Welcome to The Bristol Chess Times YouTube Channel

Today we are delighted to announce the launch of The Bristol Chess Times YouTube channel! We feel video is the perfect format for talking through the cut and thrust of your typical amateur league chess match and have worked hard to present a clean and professional looking approach. We hope you subscribe, share and most importantly enjoy!

Our first video is simply a short introduction (three minutes) to the YouTube channel outlining mine and Mike’s ambitions for pushing The Bristol Chess Times and the Bristol & District Chess League forward.

Until next time!


mecircle

Jon Fisher

Jon is the Editor of The Bristol Chess Times and Publicity and Recruitment Officer for The Bristol & District Chess League. He plays for Horfield Chess Club and has been known to play 1. b3 on occasion.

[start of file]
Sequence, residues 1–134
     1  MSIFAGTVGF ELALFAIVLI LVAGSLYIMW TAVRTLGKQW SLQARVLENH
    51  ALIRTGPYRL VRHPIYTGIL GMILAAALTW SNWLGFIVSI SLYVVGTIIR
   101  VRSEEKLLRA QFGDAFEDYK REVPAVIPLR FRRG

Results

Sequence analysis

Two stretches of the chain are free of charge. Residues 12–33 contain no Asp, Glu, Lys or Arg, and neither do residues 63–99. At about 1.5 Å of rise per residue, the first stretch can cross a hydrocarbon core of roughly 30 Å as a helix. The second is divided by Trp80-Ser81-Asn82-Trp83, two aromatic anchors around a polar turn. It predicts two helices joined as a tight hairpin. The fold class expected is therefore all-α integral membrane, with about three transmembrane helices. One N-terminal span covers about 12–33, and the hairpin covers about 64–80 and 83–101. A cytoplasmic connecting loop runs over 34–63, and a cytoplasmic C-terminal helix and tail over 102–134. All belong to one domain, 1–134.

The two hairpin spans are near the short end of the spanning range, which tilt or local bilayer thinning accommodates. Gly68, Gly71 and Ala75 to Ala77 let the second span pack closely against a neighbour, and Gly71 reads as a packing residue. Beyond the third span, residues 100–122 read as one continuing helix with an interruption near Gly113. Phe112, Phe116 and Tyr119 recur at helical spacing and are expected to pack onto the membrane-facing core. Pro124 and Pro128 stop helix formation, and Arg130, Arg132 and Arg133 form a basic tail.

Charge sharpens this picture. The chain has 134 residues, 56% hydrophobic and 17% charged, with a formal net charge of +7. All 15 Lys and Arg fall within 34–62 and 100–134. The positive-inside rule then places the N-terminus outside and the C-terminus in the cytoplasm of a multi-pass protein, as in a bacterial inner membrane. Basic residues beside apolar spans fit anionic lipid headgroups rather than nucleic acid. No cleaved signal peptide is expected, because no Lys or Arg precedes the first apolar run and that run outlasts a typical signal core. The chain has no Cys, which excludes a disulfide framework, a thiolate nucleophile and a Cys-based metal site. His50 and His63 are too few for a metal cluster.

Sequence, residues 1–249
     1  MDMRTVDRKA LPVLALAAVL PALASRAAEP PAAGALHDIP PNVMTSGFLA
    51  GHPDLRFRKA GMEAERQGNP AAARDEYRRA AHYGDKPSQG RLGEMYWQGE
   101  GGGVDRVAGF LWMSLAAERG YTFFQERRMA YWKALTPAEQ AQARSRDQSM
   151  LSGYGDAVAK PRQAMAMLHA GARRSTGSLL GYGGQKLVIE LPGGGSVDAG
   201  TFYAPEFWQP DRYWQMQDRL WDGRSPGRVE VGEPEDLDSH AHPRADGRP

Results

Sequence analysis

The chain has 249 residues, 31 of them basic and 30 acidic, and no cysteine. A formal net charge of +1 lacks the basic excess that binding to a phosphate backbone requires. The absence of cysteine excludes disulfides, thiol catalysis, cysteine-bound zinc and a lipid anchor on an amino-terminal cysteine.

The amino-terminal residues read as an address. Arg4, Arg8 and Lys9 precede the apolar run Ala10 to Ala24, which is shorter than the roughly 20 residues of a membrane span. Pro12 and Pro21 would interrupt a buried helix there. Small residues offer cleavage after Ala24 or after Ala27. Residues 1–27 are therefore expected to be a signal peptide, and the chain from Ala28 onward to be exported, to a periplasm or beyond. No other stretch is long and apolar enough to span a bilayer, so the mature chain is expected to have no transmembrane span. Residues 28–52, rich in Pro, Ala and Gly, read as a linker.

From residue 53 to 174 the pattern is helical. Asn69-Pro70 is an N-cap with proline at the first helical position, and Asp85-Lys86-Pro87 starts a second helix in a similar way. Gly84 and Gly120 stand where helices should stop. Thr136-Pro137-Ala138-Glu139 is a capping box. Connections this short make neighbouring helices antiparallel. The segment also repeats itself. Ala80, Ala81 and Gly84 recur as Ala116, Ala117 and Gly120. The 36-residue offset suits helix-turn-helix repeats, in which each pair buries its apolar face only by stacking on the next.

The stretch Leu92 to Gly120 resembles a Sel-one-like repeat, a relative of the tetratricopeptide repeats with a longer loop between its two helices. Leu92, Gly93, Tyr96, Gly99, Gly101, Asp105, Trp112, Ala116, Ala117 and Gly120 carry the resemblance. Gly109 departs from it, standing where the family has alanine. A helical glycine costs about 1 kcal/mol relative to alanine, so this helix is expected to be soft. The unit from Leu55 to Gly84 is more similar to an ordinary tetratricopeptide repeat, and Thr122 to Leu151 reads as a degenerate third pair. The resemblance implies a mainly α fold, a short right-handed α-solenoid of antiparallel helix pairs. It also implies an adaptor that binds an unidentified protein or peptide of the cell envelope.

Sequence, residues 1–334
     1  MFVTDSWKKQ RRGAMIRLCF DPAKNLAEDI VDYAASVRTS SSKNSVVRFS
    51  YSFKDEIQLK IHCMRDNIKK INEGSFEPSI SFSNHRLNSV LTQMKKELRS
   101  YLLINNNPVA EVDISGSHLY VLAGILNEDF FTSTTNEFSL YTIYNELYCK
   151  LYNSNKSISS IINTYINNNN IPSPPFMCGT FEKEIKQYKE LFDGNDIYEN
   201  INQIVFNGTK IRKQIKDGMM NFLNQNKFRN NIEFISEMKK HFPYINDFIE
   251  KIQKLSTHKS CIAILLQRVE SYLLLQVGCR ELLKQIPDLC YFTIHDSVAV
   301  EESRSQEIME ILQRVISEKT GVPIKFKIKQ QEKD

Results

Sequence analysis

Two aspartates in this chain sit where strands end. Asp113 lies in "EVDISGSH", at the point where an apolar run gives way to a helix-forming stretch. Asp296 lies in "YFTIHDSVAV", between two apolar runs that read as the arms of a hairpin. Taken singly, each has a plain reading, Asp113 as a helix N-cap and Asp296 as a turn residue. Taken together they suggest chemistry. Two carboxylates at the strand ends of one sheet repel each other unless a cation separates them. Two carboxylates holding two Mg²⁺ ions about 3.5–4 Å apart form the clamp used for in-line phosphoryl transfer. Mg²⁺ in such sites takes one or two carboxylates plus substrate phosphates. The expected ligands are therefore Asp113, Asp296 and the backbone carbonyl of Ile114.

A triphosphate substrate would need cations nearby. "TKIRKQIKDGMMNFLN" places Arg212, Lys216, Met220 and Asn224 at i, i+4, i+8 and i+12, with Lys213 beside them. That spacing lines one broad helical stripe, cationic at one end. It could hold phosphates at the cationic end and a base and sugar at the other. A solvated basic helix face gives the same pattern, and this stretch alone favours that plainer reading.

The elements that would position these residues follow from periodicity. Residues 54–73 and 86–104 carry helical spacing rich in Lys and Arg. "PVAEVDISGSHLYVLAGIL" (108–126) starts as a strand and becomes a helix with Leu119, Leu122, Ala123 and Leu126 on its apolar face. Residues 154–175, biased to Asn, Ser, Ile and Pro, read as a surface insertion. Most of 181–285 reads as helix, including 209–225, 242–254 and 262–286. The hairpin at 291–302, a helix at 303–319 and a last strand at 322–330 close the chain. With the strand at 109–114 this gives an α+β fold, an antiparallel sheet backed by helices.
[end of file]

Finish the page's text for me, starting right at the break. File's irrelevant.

Why don’t amateurs play mainline openings?

I will confess that I had an alternative name for this blog post that went something along the lines of “Wading into the Sicilian swamplands”. However I decided that sounded more like a pulp fiction thriller than a conversation on amateur chess player habits.  In addition I feared it would put too much emphasis on the Sicilian rather than the wider aversion of amateur chess players to tackle openings more usually employed by the professionals.  Across the amateur chess scene you are more likely to see Owens Defence (1…b6) than a Berlin but why is that and what are we so afraid of?

 

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What shall we play today? Photo by rawpixel on Unsplash

So unfortunately I fall into the category of amateur chess club player.  To give you an idea of the kind of club player I am I’ve broken down some facts about my play for you:

  • My OTB grade has hovered between 145 – 155 ECF (1788 – 1863 ELO) for the last 10 years.
  • I tend to play in Majors at weekend congresses where I occasionally win a prize